Initial Care animation

Following a full investigation of an HIV outbreak initially thought to include 24 linked infections, health officials discovered a network of 87 people with HIV – the nation’s largest HIV cluster at the time.

This sparked a collaboration among patient advocates, city public health officials, academic medical center staff, and people with HIV to develop a response.

Thinking differently led to a gathering at a local restaurant, where a group of patient advocates, city public health officials, academic medical center staff, and people with HIV came together one afternoon to discuss how to respond. While the participants represented disparate groups, the detection of the cluster made them all acutely aware that something needed to change, including engaging people with lived experiences and focusing prevention efforts to stop transmission in this network.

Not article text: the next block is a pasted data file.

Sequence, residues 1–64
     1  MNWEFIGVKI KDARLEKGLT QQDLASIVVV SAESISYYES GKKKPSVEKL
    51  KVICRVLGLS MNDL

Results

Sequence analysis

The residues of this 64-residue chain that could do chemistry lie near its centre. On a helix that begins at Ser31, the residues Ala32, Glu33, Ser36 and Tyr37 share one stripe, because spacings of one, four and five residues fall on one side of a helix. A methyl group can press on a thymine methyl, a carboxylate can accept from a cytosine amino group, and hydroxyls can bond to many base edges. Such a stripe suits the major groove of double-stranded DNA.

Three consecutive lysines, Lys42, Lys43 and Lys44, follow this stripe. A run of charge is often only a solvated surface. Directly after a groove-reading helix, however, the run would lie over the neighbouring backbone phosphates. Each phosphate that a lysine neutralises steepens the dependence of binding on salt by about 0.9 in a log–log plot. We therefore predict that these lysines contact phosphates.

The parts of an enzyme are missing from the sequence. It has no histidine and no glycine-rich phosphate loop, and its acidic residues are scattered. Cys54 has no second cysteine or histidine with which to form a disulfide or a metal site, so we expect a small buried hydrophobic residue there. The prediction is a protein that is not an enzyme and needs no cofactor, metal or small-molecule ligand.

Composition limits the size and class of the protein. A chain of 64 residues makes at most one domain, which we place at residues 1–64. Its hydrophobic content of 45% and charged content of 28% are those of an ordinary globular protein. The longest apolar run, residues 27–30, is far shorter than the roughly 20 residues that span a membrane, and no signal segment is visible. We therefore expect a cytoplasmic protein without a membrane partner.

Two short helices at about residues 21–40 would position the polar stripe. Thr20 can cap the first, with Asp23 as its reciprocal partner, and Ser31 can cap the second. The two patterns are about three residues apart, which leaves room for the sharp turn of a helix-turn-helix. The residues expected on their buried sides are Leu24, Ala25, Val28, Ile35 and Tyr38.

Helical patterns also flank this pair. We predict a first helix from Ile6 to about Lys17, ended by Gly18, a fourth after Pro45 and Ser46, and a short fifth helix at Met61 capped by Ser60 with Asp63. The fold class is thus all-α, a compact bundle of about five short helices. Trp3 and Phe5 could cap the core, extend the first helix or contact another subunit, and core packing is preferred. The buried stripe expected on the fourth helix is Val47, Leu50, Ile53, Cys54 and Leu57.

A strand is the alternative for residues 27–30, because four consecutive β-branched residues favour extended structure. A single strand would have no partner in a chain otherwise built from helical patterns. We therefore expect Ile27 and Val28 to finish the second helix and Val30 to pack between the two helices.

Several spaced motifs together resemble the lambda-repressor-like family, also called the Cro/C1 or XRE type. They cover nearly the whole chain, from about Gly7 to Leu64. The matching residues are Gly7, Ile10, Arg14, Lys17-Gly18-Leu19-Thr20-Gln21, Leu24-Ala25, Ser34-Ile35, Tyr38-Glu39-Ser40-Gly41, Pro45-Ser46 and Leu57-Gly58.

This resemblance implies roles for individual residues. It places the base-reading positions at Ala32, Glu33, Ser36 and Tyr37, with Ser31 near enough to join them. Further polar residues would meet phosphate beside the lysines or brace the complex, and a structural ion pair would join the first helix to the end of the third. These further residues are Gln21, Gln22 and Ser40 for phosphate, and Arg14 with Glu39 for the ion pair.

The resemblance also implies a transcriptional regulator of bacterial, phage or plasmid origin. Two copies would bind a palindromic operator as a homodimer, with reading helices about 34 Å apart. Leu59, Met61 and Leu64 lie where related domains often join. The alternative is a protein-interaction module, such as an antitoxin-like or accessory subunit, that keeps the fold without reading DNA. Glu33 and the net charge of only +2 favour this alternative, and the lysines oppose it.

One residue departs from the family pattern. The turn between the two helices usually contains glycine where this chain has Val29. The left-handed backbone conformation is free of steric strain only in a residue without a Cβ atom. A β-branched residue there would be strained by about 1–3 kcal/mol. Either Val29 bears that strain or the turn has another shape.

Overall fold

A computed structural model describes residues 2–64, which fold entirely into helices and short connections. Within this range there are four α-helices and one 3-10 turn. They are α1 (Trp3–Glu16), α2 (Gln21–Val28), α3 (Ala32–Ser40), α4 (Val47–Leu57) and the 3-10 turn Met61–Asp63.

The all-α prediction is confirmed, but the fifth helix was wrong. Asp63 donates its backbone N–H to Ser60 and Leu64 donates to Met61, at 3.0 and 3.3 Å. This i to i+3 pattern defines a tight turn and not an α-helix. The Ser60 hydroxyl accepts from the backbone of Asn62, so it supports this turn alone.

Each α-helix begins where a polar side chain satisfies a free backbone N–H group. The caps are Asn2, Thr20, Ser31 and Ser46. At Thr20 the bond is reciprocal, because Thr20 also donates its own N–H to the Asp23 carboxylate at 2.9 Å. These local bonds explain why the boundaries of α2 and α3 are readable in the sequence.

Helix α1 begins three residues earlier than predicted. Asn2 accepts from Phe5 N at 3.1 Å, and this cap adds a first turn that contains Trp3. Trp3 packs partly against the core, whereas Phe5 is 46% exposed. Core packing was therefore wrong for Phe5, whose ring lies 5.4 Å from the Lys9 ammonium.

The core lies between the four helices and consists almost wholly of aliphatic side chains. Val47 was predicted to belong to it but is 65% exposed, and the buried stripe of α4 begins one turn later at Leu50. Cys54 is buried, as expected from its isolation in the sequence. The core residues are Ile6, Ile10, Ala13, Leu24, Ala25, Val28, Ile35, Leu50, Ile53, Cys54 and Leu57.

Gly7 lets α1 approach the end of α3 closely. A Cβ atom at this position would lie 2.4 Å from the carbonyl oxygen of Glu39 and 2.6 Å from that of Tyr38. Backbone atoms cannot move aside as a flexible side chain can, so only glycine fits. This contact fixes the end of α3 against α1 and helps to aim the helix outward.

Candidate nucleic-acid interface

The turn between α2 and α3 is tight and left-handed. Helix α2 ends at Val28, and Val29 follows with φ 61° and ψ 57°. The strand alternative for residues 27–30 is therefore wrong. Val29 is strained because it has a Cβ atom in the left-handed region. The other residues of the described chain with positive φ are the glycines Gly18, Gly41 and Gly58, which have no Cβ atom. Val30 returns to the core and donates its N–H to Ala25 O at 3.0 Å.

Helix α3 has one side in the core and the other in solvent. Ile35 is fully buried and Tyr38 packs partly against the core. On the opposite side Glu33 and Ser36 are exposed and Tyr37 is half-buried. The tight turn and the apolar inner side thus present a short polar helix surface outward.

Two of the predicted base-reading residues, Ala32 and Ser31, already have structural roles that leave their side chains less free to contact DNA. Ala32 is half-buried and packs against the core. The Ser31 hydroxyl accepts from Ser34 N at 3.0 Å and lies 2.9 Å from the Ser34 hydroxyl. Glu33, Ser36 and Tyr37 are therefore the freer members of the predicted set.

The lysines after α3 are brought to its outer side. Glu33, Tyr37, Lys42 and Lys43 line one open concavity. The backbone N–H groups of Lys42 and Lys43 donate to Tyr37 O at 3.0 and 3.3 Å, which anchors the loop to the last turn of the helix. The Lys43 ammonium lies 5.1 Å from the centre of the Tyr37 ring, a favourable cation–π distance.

“It was clear that what we had been doing wasn’t working for the younger people represented by the cluster,” says Taylor. “We recognized that we needed to take a step back, to listen, and to support people with HIV who were stepping up to take the lead.”

When the participants with HIV spoke, the stories they shared quieted the room. One after another, each person spoke of the challenges they faced. They described how hard it was to make and get to care appointments, the long wait times, and the judgmental health workers.

“People with HIV are already dealing with enough stigma,” says Glenda Small, a San Antonio resident and longtime HIV advocate. “If the receptionist at the clinic is disrespectful, if you have to wait 2-3 hours for your appointment, you may lose patience and walk out of there. Those interactions make or break whether a person can get their virus under control.”